- A member of your own crew attacks you.
- A person nearby is revealed to be an android.
- You encounter certain creatures or locations, as determined by the scenario or the GM.
In ALIEN: The Roleplaying Game, Stress can lead to Panic. Many times a Panic Action is mandated by the rules. This lack of player agency and forced narrative goes far towards creating a helpless, ultimately hopeless feeling.
Ship combat in ALIEN: The Roleplaying Game uses a “bridge crew” approach to battles where the PCs are usually part of the action. It is interesting to note that in addition to all the ways a ship can be damaged, combat comes down again to the individual and their Stress Level and Panic. It’s quite possible that your PC could “Run to Safety” abandoning their bridge post.
Sense of Wonder
The third theme in ALIEN: The Roleplaying Game is a “Sense of Wonder.” To be frank, my “sense of wonder” when playing ALIEN: The Roleplaying Game is, “I wonder how anything survives.” One would think that the second mode of play, Campaign Play, would be where the Sense of Wonder comes from. I started reading the rules for ALIEN: The Roleplaying Game expecting that this is where elements of the story in ALIENS: Prometheus would shine. The Game Mother guide advises in this mode to save the Xenos for something special, but the game system as a whole doesn’t really support that. I mean, the game doesn’t really hide this fact as even the fiction in the chapters usually start with a party and ends up with…nobody alive. Instead of Prometheus the rules give us something that is more Firefly meets ALIENS. i.e. instead of finding stories that can explore discovering alien and human origins we get space truckers and death.
The lack rules support for a true campaign of ALIEN: The Roleplaying Game may actually not be as big a loss as it sounds since there is little to be discovered in the game universe thanks to the extensive lore presented. This seems like a conscious decision by the writers, unlike Battlestar Galactica: The Role Playing Game (Maragret Weis Publishing, 2004) or The Expanse Roleplaying Game (Green Ronin, 2019) and many other large franchise-based IP games that pick a starting point in the lore and let the players and GM build their player universe from there. Sure, you can do the same in ALIEN: The Roleplaying Game, but given the extent of lore presented it’s much harder to exclude the metaknowledge.
“…and they’re gonna come in here AND THEY’RE GONNA GET US!” – Hudson
The problems of character survival in ALIEN: The Roleplaying Game can be traced all the way back to character generation with those, frankly, shallow characters. It’s as though the writers knew that character lives are cheap and to invest too much time in creating them is a waste. Then there is the game engine, and the Stress rules which can be used to ensure success…but at the
risk near-certainty of being helpless as a player.
Given the rate of deaths in ALIEN: The Roleplaying Game, I searched the Game Mother guide for advice on what to do when a player character dies in the middle of an adventure. I think it’s telling that when talking about the Epilogue to a scenario part of the advice reads, “EPILOGUE: A suggested sign-off message by one of the PCs, assuming anyone is still alive” [my emphasis]. Indeed, I can’t find anything in the Game Mother section talking about mid-scenario player death beyond in-your-face hints that it WILL happen.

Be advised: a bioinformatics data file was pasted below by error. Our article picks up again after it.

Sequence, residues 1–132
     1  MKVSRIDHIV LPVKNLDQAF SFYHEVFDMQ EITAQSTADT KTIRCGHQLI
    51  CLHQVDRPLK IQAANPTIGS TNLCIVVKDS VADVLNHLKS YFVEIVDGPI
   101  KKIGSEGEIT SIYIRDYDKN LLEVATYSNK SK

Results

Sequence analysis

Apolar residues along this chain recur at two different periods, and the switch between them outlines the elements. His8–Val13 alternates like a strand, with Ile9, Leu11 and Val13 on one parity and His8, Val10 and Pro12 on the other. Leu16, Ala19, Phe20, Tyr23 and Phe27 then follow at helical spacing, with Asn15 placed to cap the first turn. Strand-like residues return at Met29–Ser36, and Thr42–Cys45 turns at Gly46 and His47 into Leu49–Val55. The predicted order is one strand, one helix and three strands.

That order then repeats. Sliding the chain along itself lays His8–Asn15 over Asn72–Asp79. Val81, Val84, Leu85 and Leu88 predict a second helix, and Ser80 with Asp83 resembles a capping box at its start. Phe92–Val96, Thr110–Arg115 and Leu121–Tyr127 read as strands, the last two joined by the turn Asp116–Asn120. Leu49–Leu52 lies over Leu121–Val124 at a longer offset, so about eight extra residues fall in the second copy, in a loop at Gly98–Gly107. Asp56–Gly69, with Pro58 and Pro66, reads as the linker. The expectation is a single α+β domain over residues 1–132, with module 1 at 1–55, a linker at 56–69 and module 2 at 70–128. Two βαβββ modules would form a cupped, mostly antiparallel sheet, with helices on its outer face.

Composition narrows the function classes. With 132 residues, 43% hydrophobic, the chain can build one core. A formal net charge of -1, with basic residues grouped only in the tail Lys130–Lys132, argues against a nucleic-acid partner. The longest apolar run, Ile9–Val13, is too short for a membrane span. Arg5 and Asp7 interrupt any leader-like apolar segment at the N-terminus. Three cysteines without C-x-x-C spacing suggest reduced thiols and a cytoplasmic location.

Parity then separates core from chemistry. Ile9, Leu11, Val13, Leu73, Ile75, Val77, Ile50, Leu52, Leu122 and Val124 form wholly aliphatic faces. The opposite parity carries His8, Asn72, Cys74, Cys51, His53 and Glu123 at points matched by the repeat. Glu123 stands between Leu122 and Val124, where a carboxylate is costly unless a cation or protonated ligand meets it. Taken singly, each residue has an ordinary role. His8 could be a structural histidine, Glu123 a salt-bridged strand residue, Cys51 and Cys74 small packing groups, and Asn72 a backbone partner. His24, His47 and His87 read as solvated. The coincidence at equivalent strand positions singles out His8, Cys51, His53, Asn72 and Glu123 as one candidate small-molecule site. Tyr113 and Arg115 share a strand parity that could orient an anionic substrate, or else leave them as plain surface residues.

Helpless, hopeless, loss of control. If those are the ALIEN franchise themes you enjoy the most then ALIEN: The Roleplaying Game is certainly for you.
“That’s it, man. Game over, man.” – Hudson
At the end of the day I think ALIEN: THE Roleplaying Game is best suited for those one-shot adventures where player character backgrounds are less important. Oh heck, ALIEN: The Roleplaying Game is really nothing more than a set of skirmish wargame rules with some roleplaying elements. The rate of death in this game is not quite like Paranoia (West End Games, 1982)…but if the Game Mother is not in a nice mood it certainly can be.
ALIEN: The Roleplaying Game is TM & © 2020 20th Century Fox Studios and Free League Publishing. All rights reserved.
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10 thoughts on “#RPGThursday or a delayed #Wargame Wednesday? – Alien: The Roleplaying Game (@freeleaguepub, 2020) – as in “You’re all gonna die. Only question is how you check out.””
Thanks for the breakdown. They all look so young in the photos 🙂
Not really surprised by any of this. While the first two Alien movies are rightfully among the best and most influential ever, the dirty secret is that I don’t think the setting really has THAT much substance to it for the sake of roleplaying. In my eyes it’s just one step up from a Friday the 13th RPG, because Alien is a glorified “down to the final lady” horror film (Not a bad one by any means, but still that in terms of tone).
Trying to expand means it becomes either a de facto original setting, while keeping it as-is means it’s not very deep. Which is fine as long as it makes no pretentions about being otherwise (the recent Aliens Fireteam video game has absolutely no shame in being a combination swarm shooter and series pastiche).
Yup. A TTRPG FPS.